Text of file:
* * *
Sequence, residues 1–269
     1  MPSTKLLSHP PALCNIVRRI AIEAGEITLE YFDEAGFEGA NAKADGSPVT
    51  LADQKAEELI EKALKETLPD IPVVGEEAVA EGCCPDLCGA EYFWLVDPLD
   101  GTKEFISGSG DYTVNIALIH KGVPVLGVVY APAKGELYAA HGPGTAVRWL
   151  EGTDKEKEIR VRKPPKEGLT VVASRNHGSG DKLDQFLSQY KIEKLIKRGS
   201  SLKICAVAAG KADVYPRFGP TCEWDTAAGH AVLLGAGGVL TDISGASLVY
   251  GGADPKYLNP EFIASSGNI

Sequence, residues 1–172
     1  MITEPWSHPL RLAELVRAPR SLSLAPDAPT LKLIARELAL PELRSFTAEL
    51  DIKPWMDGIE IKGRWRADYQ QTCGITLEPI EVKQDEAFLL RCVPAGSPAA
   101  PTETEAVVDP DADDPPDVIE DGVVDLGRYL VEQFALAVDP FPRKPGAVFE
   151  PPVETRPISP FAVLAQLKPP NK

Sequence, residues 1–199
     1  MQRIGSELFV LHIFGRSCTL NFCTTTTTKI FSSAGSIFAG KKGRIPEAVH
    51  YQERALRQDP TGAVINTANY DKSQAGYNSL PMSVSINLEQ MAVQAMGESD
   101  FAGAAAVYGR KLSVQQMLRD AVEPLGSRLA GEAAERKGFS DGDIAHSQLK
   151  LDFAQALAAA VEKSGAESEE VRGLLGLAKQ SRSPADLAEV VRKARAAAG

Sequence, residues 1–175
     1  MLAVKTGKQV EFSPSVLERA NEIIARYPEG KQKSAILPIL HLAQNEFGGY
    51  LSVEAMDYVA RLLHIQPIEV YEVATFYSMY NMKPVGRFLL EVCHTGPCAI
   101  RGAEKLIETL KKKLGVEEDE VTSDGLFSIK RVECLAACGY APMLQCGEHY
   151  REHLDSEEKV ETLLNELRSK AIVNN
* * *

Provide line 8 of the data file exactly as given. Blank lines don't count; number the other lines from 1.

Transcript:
Sequence, residues 1–172